“Again, Mommy!” they both shriek in unison. Time isn’t a concept they can grasp yet and I remind them that it is almost time to fall asleep. A few more rounds and they will both settle into their beds. Eloise, unconsciously, shows she is tired by putting both her hands behind her head. June twirls her hair around her first finger. They both get a soft glaze before fading into sleep. The blinds are closed so they can’t see the brightness of the lingering moon. They don’t know the grass outside is glowing. They also don’t realize that we had to bury a lamb today. There is a lot you don’t tell toddlers.

It’s taken several seasons of watching things grow and die here to develop a practical management plan.

Right now it feels good to lie on the thick bedroom rug and listen to their perfect breathing. Echoes of a baseball game rise from the living room. I’ll zone out here for a little bit longer before going downstairs to pour a glass of wine and sit out on the deck. There is a slight chill in the air—a sensation that saddens and excites me. In the morning we will rise with the sun and do it all again. Kid routines and animal routines. Feeding and cooking, eating and making, define our days.

I moved onto the farm property almost ten years ago, and I will never forget the crazy explosion of spring. The land transformed and I wasn’t prepared. The pastures, fruit trees, and front lawn all became small jungles and I didn’t even own a mower, except for a small orange electric contraption a friend had given me for free.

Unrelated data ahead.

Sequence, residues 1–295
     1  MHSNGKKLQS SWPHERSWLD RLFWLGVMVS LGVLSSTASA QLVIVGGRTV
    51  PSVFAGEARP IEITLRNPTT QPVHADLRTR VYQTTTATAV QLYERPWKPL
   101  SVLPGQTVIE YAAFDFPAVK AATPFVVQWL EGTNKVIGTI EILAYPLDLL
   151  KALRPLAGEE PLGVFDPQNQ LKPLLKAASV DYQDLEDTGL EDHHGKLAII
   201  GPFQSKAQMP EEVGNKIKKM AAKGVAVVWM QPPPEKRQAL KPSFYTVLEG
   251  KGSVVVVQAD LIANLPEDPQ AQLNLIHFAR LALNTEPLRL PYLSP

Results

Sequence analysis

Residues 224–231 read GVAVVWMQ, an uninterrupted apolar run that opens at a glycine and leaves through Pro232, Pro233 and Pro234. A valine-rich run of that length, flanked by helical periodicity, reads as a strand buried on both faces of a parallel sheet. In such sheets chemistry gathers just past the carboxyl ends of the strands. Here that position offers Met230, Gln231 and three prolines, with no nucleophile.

It’s taken several seasons of watching things grow and die here to develop a practical management plan. Now we intensively rotate the sheep through the pasture, moving them after they have eaten the grass down to no less than three inches. We use landscape cloth in our commercial herbs to block the weeds. Another friend, who owns a raspberry farm, prunes the fruit trees in the winter. We start ripping the morning glory out of the garden rhubarb in June, but it always comes back, every year.

I guess if it didn’t return, I would be upset. Our rhythms would feel off. We can’t cut corners; all the jobs need to be done—and at the right time of year—so we can feel one step ahead of the constant, fierce push of nature, its urge to grow and spread.

The other day I saw a news story featuring a fishing village in China that had been abandoned and was now being “returned to nature.” All the buildings were green, colonized by opportunistic plant life. I know that feeling well. The steady creep of chickweed between newly transplanted herbs. The proliferation of thistles in an otherwise suitable paddock. Farming, no matter how natural, has always been about resistance to nature in one way or another. Altering the landscape for gain, making space and order within its wild brilliance.

It is me and the moon again, outside. The cool calm on the deck offers solace. The farm is a destination I’ve reached and, still, a blank slate in many ways. I am writing this story anew each day. The girls are definitely asleep now, and Dean is half asleep in front of his baseball game. I hear a barn owl screech and imagine that the moonlight makes hunting easier for her. I hear the constant, distant din of the neighboring farm’s irrigation pump. A low moan, a summer siren.



Jessica GigotJessica Gigot is a poet, farmer, and writing coach. She lives on a little sheep farm in the Skagit Valley in Washington. She is the author of A Little Bit of Land, published by Oregon State University Press in 2022. Her second book of poems, Feeding Hour, won a Nautilus Award and was a finalist for the 2021 Washington State Book Award. Her writing and reviews appear in publications such as The New York Times, Seattle Times, Orion, Terrain.org, and Poetry Northwest. She is currently a poetry editor for The Hopper and a 2022 Jack Straw Writer. Follow her on Instagram and Twitter.

Header photo by Elenamiv, courtesy Shutterstock.